• Explain the difference between co-workers and supervisors and provide role-play opportunities to practice interacting with both types of people.  

4 – Problem-Solving Skills 

  • Every day is filled with opportunities to develop and hone problem-solving skills. The workday is no different. Allow your child to address problems in their life as they naturally occur. Provide strategies, concepts, and modeling to identify and process disruptions to their norm and develop a contingency plan to address the problem.  
  • From discovering a break in the sidewalk that they are traveling on to self-regulating emotions when things don’t go their way, problem-solving skills are needed on the regular and are rather important to one’s growing independence. 

5 – Time Management 

  • Familiarity with basic concepts of time – morning, afternoon, evening, night, the length of a minute, hour, day, etc. – are all important for your future worker. This underlying foundation can help your child understand how long they are expected to perform on the job.  
  • Help your teen set a regular morning alarm clock on their watch, smartphone, or electronic device. This can expand into alarms for all activities, eventually leading to keeping track of work break times and work day start and end times.   

6 – Money Management 

  • Money is a huge motivator for many hopeful teen employees (and, let’s be honest, for adults as well!). Once simple coin and bill identification skills have been mastered, more involved concepts related to work can be introduced. 
  • Earning, spending, taxes, pay periods, and banking are just a few of the many financial concepts your young adult will need to begin to understand on some level. As you can see, early (young) head-starts in this department are a great goal!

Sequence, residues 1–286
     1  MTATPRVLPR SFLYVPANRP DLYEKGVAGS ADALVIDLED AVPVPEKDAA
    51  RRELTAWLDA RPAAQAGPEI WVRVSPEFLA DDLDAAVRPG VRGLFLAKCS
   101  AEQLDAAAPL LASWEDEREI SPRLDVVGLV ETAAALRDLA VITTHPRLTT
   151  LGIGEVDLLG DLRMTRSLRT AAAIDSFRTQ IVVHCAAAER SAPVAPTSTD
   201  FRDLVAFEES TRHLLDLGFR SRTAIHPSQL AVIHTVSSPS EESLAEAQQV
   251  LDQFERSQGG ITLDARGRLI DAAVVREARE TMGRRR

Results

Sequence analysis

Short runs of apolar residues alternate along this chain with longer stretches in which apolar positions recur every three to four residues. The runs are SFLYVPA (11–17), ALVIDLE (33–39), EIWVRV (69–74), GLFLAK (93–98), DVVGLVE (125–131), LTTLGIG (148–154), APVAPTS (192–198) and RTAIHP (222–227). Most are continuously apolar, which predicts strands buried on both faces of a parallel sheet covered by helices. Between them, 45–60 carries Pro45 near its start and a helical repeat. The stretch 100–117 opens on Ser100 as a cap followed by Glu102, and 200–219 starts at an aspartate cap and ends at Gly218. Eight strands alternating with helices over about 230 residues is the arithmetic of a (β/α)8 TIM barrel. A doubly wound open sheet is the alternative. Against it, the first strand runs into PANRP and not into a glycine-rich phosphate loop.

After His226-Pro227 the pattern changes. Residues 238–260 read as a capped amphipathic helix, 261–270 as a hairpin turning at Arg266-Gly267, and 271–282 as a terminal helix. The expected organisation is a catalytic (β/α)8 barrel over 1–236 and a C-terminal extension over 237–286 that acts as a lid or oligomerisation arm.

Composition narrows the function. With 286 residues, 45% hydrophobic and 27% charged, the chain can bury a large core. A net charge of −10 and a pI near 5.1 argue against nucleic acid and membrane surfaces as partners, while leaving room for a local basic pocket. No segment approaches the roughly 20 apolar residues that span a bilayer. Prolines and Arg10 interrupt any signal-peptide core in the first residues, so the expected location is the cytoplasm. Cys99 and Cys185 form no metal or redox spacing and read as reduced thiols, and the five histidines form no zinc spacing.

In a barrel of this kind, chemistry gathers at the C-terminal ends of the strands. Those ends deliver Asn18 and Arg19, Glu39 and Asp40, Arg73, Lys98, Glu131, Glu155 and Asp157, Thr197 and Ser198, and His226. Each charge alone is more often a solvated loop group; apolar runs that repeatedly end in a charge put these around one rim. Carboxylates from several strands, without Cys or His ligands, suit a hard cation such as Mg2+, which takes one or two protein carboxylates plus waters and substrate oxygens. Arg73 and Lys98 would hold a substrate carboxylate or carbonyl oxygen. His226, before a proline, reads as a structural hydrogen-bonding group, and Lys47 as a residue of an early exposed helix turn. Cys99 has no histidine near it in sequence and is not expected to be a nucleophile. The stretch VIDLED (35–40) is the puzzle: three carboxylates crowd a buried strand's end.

7 – Travel / Orientation Skills 

  • How are your child’s general orientation skills? Can they successfully navigate a planned route? What about a spontaneous route through a familiar room, if needed?  
  • You may likely plan on providing your new employee-to-be with transportation to and from their place of work, and that may be the best option for you both in the beginning. However, don’t neglect to teach your child about alternate options, and strive to work yourself out of your chauffeur job, if possible.  
  • Travel needs may arise before, during, and after a work shift, so checking in with your child’s O&M (Orientation & Mobility) instructor is a great place to start. 

Pulling It All Together 

Practice, practice, practice, and then practice some more. The more time and practice afforded your child as they develop and hone their employment readiness skills, the more confident and proficient they will likely become. Repetition is their friend, so help them build it into their day in a fun and engaging ways. Role-play and set up simulations with a group of friends or family.  

As their confidence and skills grow, there are many ways to bridge the gap between at-home learning and true experience in the workplace. Hands-on experience in real places of employment is a crucial part of helping your child who is blind or low vision with multiple disabilities develop concepts of work and employment. Here are some options for gaining valuable work experience before that first application or interview: 

  • Schedule workplace tours in areas of potential interest. This may help weed out and narrow down the options your child wants to pursue.  
  • Look for volunteer opportunities in businesses that interest your budding job seeker. 
  • Plan days for your teen to job shadow a parent, family member, or friend.  
  • Ask about possible apprenticeships, which combine in-school and work-based learning. 
  • As the school year winds down, seek out summer work experience possibilities. 

Always remember, your student’s TVI & other educational team members are invaluable tools available to help and support you and your child through this transitional learning time. They can provide assessment, input, and consistent reinforcement at school and help determine necessary accommodations for your child’s unique abilities and needs.  

Keep Cheering Them On! 

Don’t get discouraged if reaching that first hire takes a little (or a lot) of time. The first job will come if they work towards it and have you and their educational team behind them. Until then, every interaction and attempt are incredible learning opportunities and provide your child or teen with more crucial repetition and practice. 

Remember, this pre-employment phase involves figuring out and supporting your future worker’s self-determination and employment goals. So, whether they’ve landed their first official position or are still searching for a satisfying line of work, stay positive, take advantage of teachable moments, get help when and where you need it, and most importantly…keep cheering them on!